The Ferryman from the mind of Jez Butterworth’s Northern
It only took one day for The Ferryman to sell out at The Royal Court Theatre last year. The thrilling play about the political and psychological upheaval of, scriptwriter Jez Butterworth’s, divided character Quinn Carney and his family life in County Armagh drew the audience and many critics, to love it.
The production, directed by Sam Mendes (who also directed the films Skyfall and American Beauty), received critical acclaim. The Ferryman transferred to the West End’s Gielgud Theatre immediately after the Royal Court had finished its run. Sold out tickets meant that many, including myself, didn’t get the chance to see the original Quinn Carney performed by English actor Paddy Considine. Yet I had the chance to see the new cast at the Gielgud Theatre last night with Owen McDonnell playing Quinn, Justin Edwards performing as Tom Kettle and Rosalie Craig as Caitlin Carney.
The production is set in 1981: the timeline of the Troubles in Northern Ireland. While the Carneys’ farmhouse are preparing for the harvest Bobby Sands, a member of the Provisional Irish Republican Army, is on hunger strike and imprisoned at HM Prison Maze. Overlooking him is the British Prime Minister Margaret Thatcher stating, ‘we are not prepared to consider special category status for certain groups of people serving sentences for crime. Crime is crime is crime.’
While this is happening, County Armagh is calm. In a large room an elderly aunt called Aunt Maggie Far Away, acted by Stella McCusker, is in an eerie trance. She wakes herself up when she is inspired to retell a story from her teenage years. At the other corner of the room are the potty-mouthed children fretting over a kite and a missing goose; it vanished from its cage overnight. One of the daughters believes she is the Queen of Egypt. Then, there’s Uncle Patrick, performed by Mark Lambert, who gives another interpretation of his rogue past after a drip of whiskey at eight o’ clock in the morning. In the midst of it all, when no one is looking, Quinn and his sister-in-law Caitlyn dance blindfolded. It’s as if they are long-term lovers, yet they are not.
The Irish dancing, the alcohol, swearing and recruiting of IRA can easily be read as clichés and stereotypical of the Irish, but it’s the comedy and humour of the show, which stands out the most. Undoubtedly, the Irish history was an educational lesson for me, and perhaps many others, but it was mostly a laugh in many strong scenes which are set in naturalistic and home-lit environments. The idea of being surrounded by the family is warming and assuring. The Ferryman prompts the audience to think about their own family.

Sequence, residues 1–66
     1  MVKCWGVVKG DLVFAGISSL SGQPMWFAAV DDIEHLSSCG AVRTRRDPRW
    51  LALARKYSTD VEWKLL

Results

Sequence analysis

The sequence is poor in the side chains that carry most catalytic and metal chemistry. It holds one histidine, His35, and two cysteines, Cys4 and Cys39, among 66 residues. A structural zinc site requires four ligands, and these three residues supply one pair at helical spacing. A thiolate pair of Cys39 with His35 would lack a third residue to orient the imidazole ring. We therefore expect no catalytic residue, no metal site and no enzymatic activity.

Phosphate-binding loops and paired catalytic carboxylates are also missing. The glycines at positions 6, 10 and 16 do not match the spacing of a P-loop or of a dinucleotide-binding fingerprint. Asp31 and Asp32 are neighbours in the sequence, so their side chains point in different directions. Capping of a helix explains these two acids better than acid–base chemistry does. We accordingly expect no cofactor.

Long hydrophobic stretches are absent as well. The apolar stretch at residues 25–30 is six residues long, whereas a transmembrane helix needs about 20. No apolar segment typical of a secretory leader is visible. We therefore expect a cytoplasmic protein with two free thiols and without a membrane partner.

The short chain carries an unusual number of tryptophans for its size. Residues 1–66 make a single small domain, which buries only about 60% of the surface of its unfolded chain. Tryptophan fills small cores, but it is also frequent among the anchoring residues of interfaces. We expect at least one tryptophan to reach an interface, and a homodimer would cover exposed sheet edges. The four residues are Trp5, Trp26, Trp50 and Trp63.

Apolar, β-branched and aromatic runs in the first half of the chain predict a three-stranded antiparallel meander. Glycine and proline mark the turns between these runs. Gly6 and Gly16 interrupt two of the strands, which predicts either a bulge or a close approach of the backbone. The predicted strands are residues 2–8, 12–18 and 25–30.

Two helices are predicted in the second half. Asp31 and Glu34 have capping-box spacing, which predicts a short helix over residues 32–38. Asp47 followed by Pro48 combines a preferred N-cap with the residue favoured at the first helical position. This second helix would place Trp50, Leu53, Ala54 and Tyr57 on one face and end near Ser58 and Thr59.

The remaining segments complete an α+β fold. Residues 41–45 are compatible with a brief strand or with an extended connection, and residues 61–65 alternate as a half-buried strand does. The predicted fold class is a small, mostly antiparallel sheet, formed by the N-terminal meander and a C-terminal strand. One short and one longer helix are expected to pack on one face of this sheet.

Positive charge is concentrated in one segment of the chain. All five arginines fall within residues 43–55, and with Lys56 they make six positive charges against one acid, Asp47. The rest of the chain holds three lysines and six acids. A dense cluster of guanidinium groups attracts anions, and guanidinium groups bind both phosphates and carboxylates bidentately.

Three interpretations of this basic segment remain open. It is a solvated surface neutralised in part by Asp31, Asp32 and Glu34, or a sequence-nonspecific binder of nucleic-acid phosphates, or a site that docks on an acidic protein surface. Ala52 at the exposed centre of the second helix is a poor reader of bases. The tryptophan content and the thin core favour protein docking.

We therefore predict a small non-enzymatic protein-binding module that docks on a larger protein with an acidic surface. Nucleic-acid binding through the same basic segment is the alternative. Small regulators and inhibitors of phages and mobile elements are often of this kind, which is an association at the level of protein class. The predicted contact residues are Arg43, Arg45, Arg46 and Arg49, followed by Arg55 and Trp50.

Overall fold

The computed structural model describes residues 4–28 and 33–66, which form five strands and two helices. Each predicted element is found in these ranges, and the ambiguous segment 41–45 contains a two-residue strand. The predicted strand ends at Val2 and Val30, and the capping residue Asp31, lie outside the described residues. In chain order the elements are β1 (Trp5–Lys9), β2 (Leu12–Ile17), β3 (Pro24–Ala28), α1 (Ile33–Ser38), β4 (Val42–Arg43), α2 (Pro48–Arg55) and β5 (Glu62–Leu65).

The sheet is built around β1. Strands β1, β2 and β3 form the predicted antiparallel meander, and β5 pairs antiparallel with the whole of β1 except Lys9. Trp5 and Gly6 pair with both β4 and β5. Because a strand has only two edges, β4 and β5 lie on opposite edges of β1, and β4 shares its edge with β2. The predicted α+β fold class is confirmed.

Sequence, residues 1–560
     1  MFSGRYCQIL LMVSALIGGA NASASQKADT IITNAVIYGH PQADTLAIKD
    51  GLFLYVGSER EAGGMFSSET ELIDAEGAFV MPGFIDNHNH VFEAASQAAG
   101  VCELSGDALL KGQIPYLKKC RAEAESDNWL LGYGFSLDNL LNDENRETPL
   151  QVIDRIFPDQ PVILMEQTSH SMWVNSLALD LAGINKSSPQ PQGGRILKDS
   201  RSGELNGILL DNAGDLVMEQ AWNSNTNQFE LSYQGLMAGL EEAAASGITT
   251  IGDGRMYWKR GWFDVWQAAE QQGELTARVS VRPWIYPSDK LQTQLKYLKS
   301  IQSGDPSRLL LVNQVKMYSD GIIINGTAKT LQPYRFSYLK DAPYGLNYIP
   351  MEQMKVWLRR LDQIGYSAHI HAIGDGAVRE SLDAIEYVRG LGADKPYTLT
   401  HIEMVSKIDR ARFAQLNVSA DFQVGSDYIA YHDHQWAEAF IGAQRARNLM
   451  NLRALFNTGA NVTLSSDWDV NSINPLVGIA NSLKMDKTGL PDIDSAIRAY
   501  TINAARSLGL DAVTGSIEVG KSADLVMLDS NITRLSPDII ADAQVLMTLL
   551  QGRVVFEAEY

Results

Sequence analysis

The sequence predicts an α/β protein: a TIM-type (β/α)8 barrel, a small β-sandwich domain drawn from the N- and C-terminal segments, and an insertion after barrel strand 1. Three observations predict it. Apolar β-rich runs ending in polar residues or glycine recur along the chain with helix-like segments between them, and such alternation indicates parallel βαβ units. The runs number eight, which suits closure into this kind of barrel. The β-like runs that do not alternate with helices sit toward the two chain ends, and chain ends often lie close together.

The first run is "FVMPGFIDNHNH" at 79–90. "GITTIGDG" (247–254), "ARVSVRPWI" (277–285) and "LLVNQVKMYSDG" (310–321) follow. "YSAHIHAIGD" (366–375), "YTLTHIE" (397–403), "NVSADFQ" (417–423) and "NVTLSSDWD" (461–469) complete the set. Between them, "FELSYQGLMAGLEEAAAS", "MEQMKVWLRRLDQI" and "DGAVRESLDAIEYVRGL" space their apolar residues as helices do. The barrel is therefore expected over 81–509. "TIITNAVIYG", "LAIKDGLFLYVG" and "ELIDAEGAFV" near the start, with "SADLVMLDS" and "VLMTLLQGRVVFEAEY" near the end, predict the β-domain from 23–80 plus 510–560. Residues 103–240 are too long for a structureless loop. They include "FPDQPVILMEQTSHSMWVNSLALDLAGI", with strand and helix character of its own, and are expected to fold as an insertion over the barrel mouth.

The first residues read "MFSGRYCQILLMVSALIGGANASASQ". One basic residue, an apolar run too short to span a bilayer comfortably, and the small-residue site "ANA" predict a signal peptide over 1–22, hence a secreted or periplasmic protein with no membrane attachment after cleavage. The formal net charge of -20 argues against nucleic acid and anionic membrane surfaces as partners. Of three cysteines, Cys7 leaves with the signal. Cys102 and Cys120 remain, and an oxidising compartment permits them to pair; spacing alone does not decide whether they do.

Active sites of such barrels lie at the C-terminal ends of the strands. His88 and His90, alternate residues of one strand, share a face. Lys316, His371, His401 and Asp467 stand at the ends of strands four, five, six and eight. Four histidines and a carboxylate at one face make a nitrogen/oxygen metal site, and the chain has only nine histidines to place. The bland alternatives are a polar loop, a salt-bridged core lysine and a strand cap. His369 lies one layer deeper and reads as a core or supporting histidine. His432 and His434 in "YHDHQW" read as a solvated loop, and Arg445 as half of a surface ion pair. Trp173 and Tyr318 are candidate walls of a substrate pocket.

Quinn hasn’t seen his brother, Seamus, in more than 10 years. Seamus is Caitlyn’s husband who lives on as best she can, without a husband, and raises her troubled son in the Carneys’ household. The trigger, and pivotal point of the entire show, is the discovery of Seamus’s body in a bog. Vanishing and disappearance are prevailing themes that go in full swing in Butterworth’s play. Quinn tells his wife Mary, played by Caoimhe Farren, that she has been vanishing from their relationship and childrens’ lives ever since she became ill; she believes she is suffering from a virus – a virus that has kept her hidden upstairs for many years.
The collective effort from more than 20 characters, which doesn’t include the rabbit, the geese or the new-born baby, conjure many magical tricks throughout the gripping and suspense-fuelled show. Justin Edwards’s interpretation of Tom Kettle is heartfelt and touching. He’s the Englishman who lives nearby and is ultimately loyal to the Carney family. He is as tall as a giant and softly spoken; kindly offering apples and multiple rabbits he finds in his garden to friends and strangers.
It’s hard to say if the new cast were just as good as the original production, but why should it matter? What I saw was a boisterous and profound piece of theatre that captured a multitude of events and an array of emotions condensed into three hours and 20 minutes. Despite the length it’s the absorbing and witty way the storytelling unfolds which has a way of enticing the audience. The complexity of the story weaves the unburied truth of Seamus with the life of Quinn’s criminal past. It puts his rural life and precious family in jeopardy. Should you see The Ferryman? Without a shadow of a doubt! See it before it ends on May 19th.
Tickets are available from £15. Click here for London Box Office.co.uk, where you can get your tickets now.
THIS IS A SPONSORED PIECE FROM London Box Office.